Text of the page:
Saturday, November 28, 2015


Leadoff, Jimmy Rollins said about a month ago, is as much a state of mind as it an actuality. ``That's something that I've learned,'' he said before a game in New York in early June. ``Technically you only lead off an inning once or twice a game. But you're always hitting with that mentality.''



Donnellon blog

        Leadoff, Jimmy Rollins said about a month ago, is as much a state of mind as it an actuality. ``That’s something that I’ve learned,’’ he said before a game in New York in early June. ``Technically you only lead off an inning once or twice a game. But you’re always hitting with that mentality.’’
       Your hitting also always carries with it that mentality. No outs, one out, even two outs -- ``Things start happening differently when you have him on the bases,’’ Shane Victorino said after Sunday’s 2-0 victory over the Mets. A leadoff guy's success eases the whole lineup and excites the crowd, makes the other guys nervous too -- even with two outs. I liken it to a fast-break dunk in basketball or a running back breaking a few tackles to gain a few more yards. It's about creating momentum, even psychological momentum.

       Rollins led off innings twice Sunday, and each at-bat led to runs. The first was his home run on the Johan Santana’s second pitch. The second was a Chase Utley home run, after Rollins struck out looking on a 3-2 pitch.
        Rollins fouled off a few pitches on that at-bat, was caught looking eventually on what seemed to be ball four. He saw pitches, he wasted some good ones and it can be argued – even in the case of a seasoned pitcher like Santana – he frustrated the pitcher at least a little in the process. Is it coincidence that Utley hit an 0-2 pitch deep into the rightfield seats? Hmm.
        Rollins also walked on a 3-2 count, and singled. ``He’s seeing the ball good,’’ manager Charlie Manuel said. ``And I think he’s loading up a little bit better than he realizes.’’
         Said Victorino, ``To me, leadoff is a position where, when you’re feeling great at the plate, you see everything, you can swing at everything. And then there’s times where you’re like, OK, let me take a `take’ approach… When you’re not going good, it’s like `I can’t take this first pitch because I don’t want to put myself in the hole.’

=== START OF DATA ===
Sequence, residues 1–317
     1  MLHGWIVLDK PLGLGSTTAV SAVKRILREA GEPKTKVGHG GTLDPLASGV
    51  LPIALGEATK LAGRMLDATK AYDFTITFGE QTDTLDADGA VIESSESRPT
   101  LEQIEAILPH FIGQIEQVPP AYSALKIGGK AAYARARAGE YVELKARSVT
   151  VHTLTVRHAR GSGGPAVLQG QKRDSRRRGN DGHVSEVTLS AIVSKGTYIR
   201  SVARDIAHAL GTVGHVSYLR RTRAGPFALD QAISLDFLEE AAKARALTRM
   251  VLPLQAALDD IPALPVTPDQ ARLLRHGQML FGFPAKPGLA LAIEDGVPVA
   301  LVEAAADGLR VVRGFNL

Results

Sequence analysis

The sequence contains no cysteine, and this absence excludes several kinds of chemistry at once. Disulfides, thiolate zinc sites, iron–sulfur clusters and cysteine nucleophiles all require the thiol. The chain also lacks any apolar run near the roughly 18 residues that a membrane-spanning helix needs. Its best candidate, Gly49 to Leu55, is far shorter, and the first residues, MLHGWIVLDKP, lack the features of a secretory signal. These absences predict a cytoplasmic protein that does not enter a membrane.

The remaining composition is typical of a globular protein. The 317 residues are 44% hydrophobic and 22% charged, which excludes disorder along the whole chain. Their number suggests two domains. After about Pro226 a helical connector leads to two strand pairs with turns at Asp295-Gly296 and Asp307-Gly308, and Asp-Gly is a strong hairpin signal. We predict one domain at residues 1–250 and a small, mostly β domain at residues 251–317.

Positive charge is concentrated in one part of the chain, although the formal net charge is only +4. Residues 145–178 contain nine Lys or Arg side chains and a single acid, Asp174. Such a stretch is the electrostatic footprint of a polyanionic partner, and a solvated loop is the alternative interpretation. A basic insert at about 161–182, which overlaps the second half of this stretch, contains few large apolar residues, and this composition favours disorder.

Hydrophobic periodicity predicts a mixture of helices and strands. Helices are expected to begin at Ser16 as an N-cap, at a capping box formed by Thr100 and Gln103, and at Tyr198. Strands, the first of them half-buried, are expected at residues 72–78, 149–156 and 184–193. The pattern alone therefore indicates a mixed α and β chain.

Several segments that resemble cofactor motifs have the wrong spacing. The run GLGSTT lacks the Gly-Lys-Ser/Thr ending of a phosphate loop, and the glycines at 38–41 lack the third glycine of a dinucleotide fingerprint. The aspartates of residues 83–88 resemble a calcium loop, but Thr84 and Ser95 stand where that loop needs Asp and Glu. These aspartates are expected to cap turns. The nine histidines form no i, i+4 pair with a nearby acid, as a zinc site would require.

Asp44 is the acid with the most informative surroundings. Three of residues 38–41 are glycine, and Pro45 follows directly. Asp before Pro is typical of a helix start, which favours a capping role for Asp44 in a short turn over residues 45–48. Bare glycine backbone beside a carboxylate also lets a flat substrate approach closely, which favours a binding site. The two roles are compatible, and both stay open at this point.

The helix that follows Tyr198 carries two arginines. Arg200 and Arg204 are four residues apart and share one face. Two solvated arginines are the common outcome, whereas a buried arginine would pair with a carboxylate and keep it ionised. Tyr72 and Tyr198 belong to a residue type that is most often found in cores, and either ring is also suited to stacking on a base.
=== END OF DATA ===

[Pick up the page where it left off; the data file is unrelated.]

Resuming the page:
``When I feel good, I don’t change my approach. Somebody may think that. They say, then why are you taking so many pitches? Cause they’re balls.’’

          Rollins is not talking much about his recent resurgence, and maybe for good reason. He seemed to be coming out of his season-long funk during the last series with the Mets in early June. Let’s see what happens against non-New York teams this week.

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About this blog
Donnellon's career began in Biddeford, Me., in 1981, and has included stops in Wilkes-Barre, Norfolk, and New York, where he worked as a national writer for the short-lived but highly acclaimed National Sports Daily. He has received state and national awards at each stop and since joining the Daily News in 1992 has been honored by the Associated Press Sports Editors, the National Sportswriters and Sportscasters Association, the National Association of Black Journalists, the Associated Press Managing Editors of Pennsylvania and the Keystone Awards. He and his wife of 26 years have raised three fine children, none of whom are even the least bit impressed with the above. E-mail Sam at
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Sam Donnellon Daily News Sports Columnist
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